As the autumn statement made clear, investment will not increase significantly over the next 12 months and nor will exports. Therefore, something must happen to engineer economic recovery. The Government desperately want an increase in consumer borrowing with more indebtedness to the private sector, on the back of which they hope there will be an increase in demand. I do not believe that that will be easily forthcoming. Nor do I believe that it is the way to fund an expansion of the economy and to secure the investment that is desperately needed to sort out the supply side, to which the Government are fond of referring.
The Government's own projection of a 1 per cent. growth in output over the next 12 months guarantees that unemployment will increase, and will continue to increase. Indeed, their projection shows no reduction in unemployment by 1996. That is the scale of the problem. Their policy is that unemployment should continue to rise, so that by 1996 there will still be 4 million people unemployed, although, after massaging the figures, they will say that the figure is nearer 3 million. That is unacceptable.
Although important supply-side measures must be adopted, we must also invest in capacity and skills and improve our export performance. In the short term—the next 12 months—an increase in demand is absolutely necessary just to stabilise unemployment, let alone reduce it. According to the Government's own figures, that will not happen unless they step in and boost demand.
It is clear that, over the long term, 2·5 per cent. growth a year is required simply to stabilise unemployment, let alone bring it down. Growth of just 1 per cent. next year will not even stabilise it. Consequently, it is inevitable that an additional £10 billion to £15 billion needs to be injected into the economy as soon as possible to stabilise rising unemployment.
Unlike my hon. Friend the Member for Brent, East (Mr. Livingstone), I am not a hard-line monetarist. I am quite prepared to say that it makes sense to borrow £10 billion to £15 billion to fund investment in our economy with the object of reducing unemployment. If, on a wet Tuesday, the Chancellor can borrow £7 billion to prop up an overvalued pound, we can borrow £10 billion to £15 billion to invest in the economy and to create jobs. If anyone feels that that is unacceptable, I agree with my hon. Friend the Member for Dagenham (Mr. Gould)—of course the Government can create credit.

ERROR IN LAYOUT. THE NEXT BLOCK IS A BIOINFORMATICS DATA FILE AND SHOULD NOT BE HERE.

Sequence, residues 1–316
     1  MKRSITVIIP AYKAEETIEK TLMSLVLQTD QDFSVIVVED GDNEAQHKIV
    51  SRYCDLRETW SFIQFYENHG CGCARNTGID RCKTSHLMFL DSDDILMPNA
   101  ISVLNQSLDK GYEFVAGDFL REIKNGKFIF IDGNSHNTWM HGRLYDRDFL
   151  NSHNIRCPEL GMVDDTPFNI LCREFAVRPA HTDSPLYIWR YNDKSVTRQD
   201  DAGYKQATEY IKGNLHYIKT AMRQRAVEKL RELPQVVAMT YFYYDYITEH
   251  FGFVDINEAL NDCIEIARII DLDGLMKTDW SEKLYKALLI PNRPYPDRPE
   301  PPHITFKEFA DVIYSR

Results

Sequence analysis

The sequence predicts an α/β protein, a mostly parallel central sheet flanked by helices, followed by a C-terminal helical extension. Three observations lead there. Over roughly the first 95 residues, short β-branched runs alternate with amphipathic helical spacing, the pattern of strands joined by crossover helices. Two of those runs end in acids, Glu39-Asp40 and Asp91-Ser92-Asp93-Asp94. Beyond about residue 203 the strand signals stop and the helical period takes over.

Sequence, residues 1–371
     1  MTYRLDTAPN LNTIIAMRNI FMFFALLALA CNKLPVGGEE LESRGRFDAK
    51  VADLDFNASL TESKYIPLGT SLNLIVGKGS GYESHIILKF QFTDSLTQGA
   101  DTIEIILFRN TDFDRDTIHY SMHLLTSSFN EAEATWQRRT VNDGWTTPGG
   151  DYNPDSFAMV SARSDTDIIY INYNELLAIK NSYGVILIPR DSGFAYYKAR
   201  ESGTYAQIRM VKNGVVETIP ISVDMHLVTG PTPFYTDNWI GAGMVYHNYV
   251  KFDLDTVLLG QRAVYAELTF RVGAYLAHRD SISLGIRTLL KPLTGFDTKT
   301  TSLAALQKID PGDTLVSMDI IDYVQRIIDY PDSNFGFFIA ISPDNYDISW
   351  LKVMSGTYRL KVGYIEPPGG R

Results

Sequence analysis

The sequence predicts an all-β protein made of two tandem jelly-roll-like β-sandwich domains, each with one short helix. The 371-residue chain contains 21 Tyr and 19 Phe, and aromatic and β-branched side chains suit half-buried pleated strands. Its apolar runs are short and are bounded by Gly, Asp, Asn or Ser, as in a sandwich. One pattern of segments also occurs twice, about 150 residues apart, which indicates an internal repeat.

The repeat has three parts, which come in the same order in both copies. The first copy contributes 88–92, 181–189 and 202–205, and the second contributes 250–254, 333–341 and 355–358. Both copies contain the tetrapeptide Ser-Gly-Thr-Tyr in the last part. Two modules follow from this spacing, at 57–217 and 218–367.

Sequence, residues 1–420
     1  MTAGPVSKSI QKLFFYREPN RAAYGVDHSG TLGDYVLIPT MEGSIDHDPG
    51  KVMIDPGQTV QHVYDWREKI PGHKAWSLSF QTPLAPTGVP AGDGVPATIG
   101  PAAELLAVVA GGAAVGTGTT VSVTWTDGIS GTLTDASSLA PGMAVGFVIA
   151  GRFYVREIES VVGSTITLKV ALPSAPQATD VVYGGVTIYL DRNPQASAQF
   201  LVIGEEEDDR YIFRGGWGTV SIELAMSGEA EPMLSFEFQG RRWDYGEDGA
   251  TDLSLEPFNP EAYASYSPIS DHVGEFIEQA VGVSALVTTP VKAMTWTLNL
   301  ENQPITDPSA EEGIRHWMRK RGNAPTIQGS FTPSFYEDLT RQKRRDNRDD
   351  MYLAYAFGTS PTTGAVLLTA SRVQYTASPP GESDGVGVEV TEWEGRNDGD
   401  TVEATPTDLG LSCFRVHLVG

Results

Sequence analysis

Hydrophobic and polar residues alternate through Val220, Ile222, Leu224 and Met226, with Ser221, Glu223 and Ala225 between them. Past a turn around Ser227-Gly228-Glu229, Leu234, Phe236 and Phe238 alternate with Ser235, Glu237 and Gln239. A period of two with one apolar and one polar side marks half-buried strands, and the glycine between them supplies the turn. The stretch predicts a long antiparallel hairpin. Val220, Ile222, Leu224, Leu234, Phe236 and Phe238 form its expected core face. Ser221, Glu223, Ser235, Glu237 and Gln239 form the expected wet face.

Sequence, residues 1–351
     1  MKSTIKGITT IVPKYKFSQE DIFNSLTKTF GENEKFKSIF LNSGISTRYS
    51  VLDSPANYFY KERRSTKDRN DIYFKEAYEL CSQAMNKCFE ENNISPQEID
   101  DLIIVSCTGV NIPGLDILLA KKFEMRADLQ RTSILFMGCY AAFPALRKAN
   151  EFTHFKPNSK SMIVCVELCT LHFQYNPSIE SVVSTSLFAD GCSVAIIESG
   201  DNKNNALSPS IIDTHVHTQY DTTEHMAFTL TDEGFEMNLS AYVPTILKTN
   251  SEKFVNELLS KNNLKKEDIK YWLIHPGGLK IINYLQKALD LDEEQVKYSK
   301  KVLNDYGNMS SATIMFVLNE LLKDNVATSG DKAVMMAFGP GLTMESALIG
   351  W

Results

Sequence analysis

In summary—I can see that the Front-Bench spokesmen are anxious to enter the debate quite soon—the important fact is that the Government's strategy is dependent on injecting demand into the economy, but it will fail miserably because demand will not occur on a significant scale. We do not want a consumer boom. We need to invest in the economy for long-term growth. Therefore, it is the Government's responsibility to finance that investment.
The only conceivable way in which we can return to full employment in a reasonable time is with a Government who consider the supply side and deal with macro-economic policy, which involves rejecting the ludicrous idea that it is good for consumers and the private sector to borrow to finance their expenditure but that it is madness for Governments to do so. That is a nonsense which is costing us jobs and billions of pounds in national income.
I am grateful to my hon. Friend the Member for Birmingham, Selly Oak (Dr. Jones) for tabling the motion, which has given many of us the opportunity to tell the Government that there is an alternative strategy and that, at some stage, someone will have to pick it up and run with it.
Following on from those remarks by the hon. Member for Kingswood (Dr. Berry), I am sure that the House is grateful to the hon. Member for Birmingham, Selly Oak (Dr. Jones) for giving us the opportunity to see that the left wing of the Labour party is still alive and well, and as dangerous as it ever was.
The debate was foreshadowed in today's edition of The Guardian, in an article headed, "Labour faces challenge from the Left on economic policy", which informs us that the Leader of the Opposition
and his shadow chancellor … will today face the first organised challenge to the front bench's new economics … The launch"—
of the Full Employment Forum—
will run in parallel with a rare debate in the Commons today in which leading leftwingers"—
such as the hon. Members for Dagenham (Mr. Gould), for Brent, East (Mr. Livingstone) and for Selly Oak—
will criticise both Government and Labour economics.
We have heard some very interesting speeches.
I am sure that, as always, the House listened with great care to the hon. Member for Dagenham, who, characteristically, gave an intelligent and interesting discourse on our economic history.
As always, we listened with great care and attention to the honest thoughts of the hon. Member for Brent, East. I am sure that he often speaks for the true voice for the Labour party, if Labour Members were as committed as he is to principle, but clearly less committed to holding office in any future Labour Government—if there is one.
I am sure that the House is grateful to the hon. Member for Brent, East for some wonderful remarks, which we shall treasure and which will no doubt figure in some future Conservative campaign guide. For instance, he told us that "the weakness of the Labour party is that it has not been able to construct any viable alternative to the Tories." I think that those were his words. He told us that "their jobs," referring to employees in the defence industry, "are going to be lost, whatever we do." I do not know whether he has told that to his hon. Friend the Member for Barrow and Furness (Mr. Hutton), who was with us briefly. The hon. Member for Brent, East also told us "Yeltsin is no more democratic than Pinochet" and that there were more democrats in the Russian Parliament. We miss that sort of robust debating style, which we used to enjoy when Michael Foot was Leader of the Opposition. It was back today, and we have had a wonderful day.